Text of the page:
This essay Joe Chamas has a total of 1047 words and 5 pages.
Avant Garde Film Midterm
Man with The Movie Camera
Shot Change constructs a New Perspective
The traditional rules for editing from shot to shot had always tried to give the impression of a continuous action taking place in front of the camera. Dziga Vertov, the director, contested this old-fashioned filming style in the movie Man with a Movie Camera. Using multiple shot changes and variations Vertov strayed away from the norm and created a novel technique. He strongly thought that, as a whole, the general public was stuck in a rut and they were lost in the commonalities and banalities of the habitual world. The camera man, the main character in the movie, was used as the vehicle to show the globe a new perspective on life. Vertov decided on making the movie encompass a full day in Russia. This interesting idea allows the audience to take in the director\'s new concepts and reflect upon the many visual themes, also. Time and space play a key role in the film as images and events are both skewed throughout the duration of the movie.
Time was used by Vertov as an important factor in editing as well as in the daily lives of humans.
With editing he utilized the essence of time to his advantage. Vertov wanted a certain rhythm of cuts to exist in the movie. He desired a choppy effect. The cameras, themselves, were supposed to produce a rithym in movements, too. The point was he wanted to make as many cuts and rigid motions as possible to make the film appear as hark jerky as possible to the audience. One reason was that he did not at all want the continuous motion of normative movies to be present. He desired the ebb and flow which daily life really is. He perceived that life was not one smooth ride without any bumps or collisions, but rather it was kind of unpredictable filled with jarring incidents at every corner. The other reason for the director\'s use of cuts and camera movements was he wanted to make sure people remembered that they were watching a movie and that they were not in some fantasy land. At one point in the middle of the film there was a scene with Vertov\'s wife clipping and editing the movie in a studio. Then there was a still-frame before the movie continues. This was done so viewers would again realize they were watching a movie, because too often people take things for granted.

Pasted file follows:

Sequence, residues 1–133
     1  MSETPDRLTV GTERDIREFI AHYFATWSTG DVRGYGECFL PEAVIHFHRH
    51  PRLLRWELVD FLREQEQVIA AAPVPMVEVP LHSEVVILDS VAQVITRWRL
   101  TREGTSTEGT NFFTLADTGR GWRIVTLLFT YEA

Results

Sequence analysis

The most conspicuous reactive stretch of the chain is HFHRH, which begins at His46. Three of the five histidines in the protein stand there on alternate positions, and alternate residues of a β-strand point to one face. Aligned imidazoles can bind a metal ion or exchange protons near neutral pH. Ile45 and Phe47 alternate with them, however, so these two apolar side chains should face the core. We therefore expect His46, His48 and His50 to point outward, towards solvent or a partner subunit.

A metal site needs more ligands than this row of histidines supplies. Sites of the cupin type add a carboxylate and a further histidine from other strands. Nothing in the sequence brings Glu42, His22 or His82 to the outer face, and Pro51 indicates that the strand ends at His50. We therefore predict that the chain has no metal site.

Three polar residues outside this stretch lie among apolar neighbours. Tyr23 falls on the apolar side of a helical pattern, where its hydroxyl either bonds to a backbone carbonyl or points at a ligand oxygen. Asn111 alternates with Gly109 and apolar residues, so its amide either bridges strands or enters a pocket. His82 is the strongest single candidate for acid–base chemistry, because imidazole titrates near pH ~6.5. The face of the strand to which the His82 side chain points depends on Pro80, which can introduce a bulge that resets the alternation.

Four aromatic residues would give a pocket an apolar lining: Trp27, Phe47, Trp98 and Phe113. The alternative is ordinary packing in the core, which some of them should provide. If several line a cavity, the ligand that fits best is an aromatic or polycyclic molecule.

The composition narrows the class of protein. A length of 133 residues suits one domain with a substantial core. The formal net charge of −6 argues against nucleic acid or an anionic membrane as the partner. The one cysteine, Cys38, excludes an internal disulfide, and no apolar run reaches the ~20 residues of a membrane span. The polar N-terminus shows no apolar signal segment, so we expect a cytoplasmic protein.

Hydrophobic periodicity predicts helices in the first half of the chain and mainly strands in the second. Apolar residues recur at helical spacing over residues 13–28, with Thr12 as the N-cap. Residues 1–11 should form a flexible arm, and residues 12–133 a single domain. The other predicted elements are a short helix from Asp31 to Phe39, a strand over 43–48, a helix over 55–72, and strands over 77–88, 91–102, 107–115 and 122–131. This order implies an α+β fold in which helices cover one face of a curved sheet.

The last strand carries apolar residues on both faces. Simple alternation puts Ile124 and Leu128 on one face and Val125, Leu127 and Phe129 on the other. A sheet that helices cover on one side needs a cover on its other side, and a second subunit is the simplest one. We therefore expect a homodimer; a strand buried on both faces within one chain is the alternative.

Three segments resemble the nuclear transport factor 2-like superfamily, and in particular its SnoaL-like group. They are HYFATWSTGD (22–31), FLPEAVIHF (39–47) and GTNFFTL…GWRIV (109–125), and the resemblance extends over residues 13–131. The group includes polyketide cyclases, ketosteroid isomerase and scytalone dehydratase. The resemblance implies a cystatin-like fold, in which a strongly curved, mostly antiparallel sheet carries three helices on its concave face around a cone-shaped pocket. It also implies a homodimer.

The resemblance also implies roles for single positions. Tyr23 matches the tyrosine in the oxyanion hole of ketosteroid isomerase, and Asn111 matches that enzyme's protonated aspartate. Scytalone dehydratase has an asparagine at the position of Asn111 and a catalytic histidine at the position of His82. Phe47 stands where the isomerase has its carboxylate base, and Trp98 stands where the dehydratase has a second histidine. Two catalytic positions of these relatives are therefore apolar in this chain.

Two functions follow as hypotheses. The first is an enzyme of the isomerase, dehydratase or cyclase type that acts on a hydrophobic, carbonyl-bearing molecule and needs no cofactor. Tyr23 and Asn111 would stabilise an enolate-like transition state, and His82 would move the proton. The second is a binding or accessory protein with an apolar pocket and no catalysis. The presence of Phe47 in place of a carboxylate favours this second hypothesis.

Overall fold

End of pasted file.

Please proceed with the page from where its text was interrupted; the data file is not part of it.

Other uses of time were implemented by Vertov to ensure the viewers understood they were watching a movie. There were a multitude of different sequences involved in this film.
One intriguing occurrence was how Vertov showed the movie goers going in and out of movie houses. This was the first time in a movie that people were actually seen going to and from these theaters. Vertov made sure he got in all the features of daily life. He was not filming actors, what he was doing was filming real lives and real alive people playing the roles.
Another interesting sequence was when the camera man was shot by another camera. The camera man was on one carriage and he was being filmed from another carriage. There was a lot emphasis put on the work place. Heavy labor was the common bond between the workers in Russia. There were scenes of laborers in factories, outside, and in mines. Vertov made sure he showed all aspects of Russian life and he pointed out the balance which should exist. In doing so there was a large portion of leisure scenes. Although the Russians were hard workers, they did need time to relax. The movie showed a lot of sporting events and the fascinating concept in these activities there was a an equal proportion of women and men. Vertov showed the film with an equality of the sexes. Both the work scenes and leisure ones got longer throughout the movie. The sequences keep getting longer and this is the case with another sequence - the life cycle. The order of the cycle is messed up with birth, marriage, and death all represented. As the progress of the day progressed the sequences generally got longer.
Along with the idea
Topics Related to Joe Chamas
Soviet films, Dziga Vertov, Man with a Movie Camera, Cinematic techniques, Film theory, Cinema of the Soviet Union, Documentary film, Film editing, A Sixth Part of the World, Kinoks
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